The UN Secretary-General acknowledged that the World Bank and the International Monetary Fund were born in 1945, a time when many countries lived under colonial rule.
In his address at the outset of the 78th session of the United Nations General Assembly (UNGA) on Tuesday, the UN Secretary Antonio Guterres proposed "renewing international institutions for the 21st century" grounded in "equity, solidarity, and universality."
In a world marred by divisions - among economic and military powers, between the North and the South, and between the East and the West - there is no alternative but to reform these institutions, lest we face "further fragmentation," he warned, adding that this won't be easy because "reforms are a matter of power."
Guterres started by acknowledging that the United Nations, the World Bank (WB), and the International Monetary Fund (IMF) were born in 1945, a time when many present-day countries lived under colonial rule.
"The world has changed; our institutions haven't," he summarized, explaining that they are not effectively addressing the issue of growing divisions, which are not limited to countries or blocs but are also emerging within democracies, where "authoritarianism is on the rise."
He cited numerous global hotspots grappling with multidimensional crises - the Sahel, Sudan, the Democratic Republic of Congo, Haiti, Myanmar, Palestine, or Syria - coupled with natural disasters, demonstrating that "the global humanitarian system is on the brink of collapse."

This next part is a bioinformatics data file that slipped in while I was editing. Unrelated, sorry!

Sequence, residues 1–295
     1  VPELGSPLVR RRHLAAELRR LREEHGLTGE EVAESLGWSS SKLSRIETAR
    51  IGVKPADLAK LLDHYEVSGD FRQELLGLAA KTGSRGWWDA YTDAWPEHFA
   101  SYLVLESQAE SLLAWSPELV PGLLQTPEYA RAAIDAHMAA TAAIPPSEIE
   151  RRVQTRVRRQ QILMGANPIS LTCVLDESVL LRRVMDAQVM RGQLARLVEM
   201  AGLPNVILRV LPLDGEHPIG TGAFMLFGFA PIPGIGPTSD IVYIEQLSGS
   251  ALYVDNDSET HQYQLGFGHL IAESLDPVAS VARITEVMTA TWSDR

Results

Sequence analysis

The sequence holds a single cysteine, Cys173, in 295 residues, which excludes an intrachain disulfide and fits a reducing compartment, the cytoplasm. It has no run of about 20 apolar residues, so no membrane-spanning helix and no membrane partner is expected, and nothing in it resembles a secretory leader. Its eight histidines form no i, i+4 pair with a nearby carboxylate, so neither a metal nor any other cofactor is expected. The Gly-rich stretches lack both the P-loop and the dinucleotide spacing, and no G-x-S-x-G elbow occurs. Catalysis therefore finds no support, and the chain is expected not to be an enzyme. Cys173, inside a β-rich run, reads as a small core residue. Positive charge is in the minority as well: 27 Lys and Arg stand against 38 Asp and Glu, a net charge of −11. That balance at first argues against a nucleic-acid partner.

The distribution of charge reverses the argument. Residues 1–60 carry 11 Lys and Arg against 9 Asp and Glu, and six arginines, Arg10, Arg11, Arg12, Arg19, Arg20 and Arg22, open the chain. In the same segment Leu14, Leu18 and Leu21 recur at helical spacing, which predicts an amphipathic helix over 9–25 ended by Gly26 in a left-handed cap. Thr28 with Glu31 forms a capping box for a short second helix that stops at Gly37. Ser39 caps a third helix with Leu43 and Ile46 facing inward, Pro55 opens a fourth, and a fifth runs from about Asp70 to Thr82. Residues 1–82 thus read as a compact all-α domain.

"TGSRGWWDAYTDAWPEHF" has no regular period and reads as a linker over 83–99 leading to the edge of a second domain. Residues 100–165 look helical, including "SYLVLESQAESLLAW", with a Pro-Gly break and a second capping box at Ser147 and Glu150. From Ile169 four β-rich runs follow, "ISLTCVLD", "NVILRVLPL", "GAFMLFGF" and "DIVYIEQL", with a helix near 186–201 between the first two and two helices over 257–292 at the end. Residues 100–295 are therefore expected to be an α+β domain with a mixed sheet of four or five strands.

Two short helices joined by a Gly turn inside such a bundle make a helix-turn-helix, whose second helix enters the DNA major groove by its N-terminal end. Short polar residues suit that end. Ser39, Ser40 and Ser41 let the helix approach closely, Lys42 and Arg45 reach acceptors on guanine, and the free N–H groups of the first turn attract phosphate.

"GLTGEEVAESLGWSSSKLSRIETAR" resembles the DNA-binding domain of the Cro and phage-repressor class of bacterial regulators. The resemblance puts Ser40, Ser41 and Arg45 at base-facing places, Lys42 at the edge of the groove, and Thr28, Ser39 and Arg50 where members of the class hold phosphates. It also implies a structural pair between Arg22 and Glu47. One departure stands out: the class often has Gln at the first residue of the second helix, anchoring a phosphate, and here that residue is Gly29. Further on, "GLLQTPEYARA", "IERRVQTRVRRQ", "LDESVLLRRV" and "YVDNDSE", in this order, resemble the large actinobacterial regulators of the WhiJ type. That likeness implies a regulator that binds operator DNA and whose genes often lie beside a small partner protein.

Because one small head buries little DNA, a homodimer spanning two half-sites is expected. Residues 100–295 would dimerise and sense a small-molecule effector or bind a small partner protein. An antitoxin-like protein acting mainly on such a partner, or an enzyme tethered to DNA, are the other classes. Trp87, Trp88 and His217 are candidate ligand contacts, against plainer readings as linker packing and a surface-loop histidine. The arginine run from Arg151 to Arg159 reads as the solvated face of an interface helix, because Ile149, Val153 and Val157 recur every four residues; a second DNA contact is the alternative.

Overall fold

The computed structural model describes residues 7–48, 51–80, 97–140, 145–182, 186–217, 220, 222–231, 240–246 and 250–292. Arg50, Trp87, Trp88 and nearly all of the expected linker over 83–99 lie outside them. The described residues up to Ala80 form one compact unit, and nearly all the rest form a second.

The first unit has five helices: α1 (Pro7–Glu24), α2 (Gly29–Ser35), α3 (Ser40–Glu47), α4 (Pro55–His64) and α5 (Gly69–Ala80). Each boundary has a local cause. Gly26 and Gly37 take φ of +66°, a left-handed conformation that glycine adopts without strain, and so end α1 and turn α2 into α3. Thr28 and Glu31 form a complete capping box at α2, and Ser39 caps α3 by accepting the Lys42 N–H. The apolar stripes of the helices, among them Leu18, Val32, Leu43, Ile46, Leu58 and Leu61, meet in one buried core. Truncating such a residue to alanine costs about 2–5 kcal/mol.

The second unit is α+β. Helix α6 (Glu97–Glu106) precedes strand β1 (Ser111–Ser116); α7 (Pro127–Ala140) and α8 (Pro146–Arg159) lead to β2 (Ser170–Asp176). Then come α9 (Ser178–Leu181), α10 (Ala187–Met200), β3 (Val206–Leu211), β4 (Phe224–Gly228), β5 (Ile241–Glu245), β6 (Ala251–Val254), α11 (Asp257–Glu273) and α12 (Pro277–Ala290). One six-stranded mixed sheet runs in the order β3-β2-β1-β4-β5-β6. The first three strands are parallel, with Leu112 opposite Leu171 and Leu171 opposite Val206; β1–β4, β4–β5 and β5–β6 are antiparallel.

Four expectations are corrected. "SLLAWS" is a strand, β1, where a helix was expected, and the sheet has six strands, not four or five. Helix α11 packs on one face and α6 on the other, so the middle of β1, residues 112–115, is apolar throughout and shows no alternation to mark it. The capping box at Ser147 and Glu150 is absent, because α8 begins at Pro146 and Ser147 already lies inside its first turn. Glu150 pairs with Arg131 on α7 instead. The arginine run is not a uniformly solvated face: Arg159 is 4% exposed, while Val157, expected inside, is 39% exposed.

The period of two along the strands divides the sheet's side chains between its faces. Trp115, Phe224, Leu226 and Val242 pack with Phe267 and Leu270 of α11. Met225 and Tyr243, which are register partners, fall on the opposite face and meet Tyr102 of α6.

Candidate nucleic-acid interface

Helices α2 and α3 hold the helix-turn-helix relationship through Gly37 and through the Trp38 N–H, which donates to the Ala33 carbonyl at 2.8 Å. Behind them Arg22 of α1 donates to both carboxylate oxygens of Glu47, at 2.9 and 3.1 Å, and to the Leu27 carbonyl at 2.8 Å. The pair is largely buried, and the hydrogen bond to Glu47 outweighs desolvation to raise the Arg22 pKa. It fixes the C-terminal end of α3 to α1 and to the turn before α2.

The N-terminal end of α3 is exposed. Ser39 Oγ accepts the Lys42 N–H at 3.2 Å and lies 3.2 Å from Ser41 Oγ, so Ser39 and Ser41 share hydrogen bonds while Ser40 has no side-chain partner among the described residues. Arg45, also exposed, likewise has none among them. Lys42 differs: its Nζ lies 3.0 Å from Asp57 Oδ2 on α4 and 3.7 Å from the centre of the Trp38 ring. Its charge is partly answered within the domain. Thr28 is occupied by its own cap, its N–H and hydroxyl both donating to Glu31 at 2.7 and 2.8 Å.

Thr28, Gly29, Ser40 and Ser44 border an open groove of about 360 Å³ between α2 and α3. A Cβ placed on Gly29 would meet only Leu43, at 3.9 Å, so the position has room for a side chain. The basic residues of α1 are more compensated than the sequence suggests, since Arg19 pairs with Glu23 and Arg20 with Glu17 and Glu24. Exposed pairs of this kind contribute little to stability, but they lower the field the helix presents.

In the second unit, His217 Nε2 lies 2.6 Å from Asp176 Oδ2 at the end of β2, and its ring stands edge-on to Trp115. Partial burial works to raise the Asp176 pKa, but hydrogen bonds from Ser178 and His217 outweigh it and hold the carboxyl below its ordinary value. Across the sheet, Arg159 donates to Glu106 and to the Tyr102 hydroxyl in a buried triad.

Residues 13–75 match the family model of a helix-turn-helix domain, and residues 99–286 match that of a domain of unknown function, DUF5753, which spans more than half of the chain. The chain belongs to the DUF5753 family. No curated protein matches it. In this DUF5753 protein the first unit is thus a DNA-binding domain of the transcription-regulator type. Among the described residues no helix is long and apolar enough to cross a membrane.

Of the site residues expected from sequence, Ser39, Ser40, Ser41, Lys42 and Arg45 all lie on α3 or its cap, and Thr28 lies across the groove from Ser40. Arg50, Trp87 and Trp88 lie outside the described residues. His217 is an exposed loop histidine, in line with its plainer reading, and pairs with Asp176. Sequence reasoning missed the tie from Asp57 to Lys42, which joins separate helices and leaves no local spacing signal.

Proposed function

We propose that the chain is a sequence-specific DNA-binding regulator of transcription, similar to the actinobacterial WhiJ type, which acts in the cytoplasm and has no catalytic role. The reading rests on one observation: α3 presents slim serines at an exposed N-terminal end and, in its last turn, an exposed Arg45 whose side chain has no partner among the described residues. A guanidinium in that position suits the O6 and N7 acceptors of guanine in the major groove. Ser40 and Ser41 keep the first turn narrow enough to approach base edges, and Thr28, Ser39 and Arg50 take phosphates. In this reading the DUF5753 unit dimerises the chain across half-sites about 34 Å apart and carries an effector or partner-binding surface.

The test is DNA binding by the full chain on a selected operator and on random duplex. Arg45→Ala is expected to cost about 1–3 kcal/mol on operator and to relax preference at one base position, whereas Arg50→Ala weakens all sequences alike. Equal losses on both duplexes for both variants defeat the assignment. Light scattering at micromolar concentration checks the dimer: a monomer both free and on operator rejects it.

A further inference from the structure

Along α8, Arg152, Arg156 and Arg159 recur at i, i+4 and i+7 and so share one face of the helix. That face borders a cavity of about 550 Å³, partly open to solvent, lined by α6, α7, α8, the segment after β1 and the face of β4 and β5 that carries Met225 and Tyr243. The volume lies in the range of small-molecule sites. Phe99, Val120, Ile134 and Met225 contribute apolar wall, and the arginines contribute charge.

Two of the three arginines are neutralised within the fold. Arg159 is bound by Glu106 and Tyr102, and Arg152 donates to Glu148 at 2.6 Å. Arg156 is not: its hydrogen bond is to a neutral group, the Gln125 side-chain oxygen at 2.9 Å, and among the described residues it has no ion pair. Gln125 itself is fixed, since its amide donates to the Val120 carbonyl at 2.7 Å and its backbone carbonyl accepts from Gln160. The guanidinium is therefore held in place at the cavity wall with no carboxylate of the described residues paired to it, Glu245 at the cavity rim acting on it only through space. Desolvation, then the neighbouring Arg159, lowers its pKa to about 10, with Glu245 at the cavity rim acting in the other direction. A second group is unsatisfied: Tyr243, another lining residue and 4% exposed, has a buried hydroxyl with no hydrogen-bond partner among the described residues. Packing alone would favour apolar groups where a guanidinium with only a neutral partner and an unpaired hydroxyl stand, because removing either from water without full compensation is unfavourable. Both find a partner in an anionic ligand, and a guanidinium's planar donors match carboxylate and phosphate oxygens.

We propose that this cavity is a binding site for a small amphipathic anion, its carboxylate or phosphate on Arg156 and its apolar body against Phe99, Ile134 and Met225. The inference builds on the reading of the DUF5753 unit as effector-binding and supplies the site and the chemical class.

Next, Guterres emphasized that inequality fuels discontent: "If we don't feed the hungry, we are feeding conflict," he stated, highlighting that the best weapon against conflicts is to support the Sustainable Development Goals (SDGs).
In this context, he urged countries to make three immediate commitments: commit US$500 billion annually to implement these SDGs in impoverished nations - countries that spend more on servicing their debt than on healthcare; reshape the structures of multilateral development banks, and devise mechanisms to alleviate the debt burden on the most affected countries.
He didn't forget to mention climate goals and contrasted the fact that the G20's most industrialized nations are responsible for 80 percent of carbon emissions, while African nations, despite having 60 percent of the world's solar capacity, receive only 2 percent of investments in renewable energy.
Guterres also addressed gender inequalities, noting that in many countries, women "are still waiting for equal opportunities, equal pay, or even equal treatment under the law, hoping that their work is valued and their voices are heard."
He concluded by making a plea to turn Artificial Intelligence into a tool for knowledge access rather than citizen control, emphasizing the need for global bodies to oversee its development and application.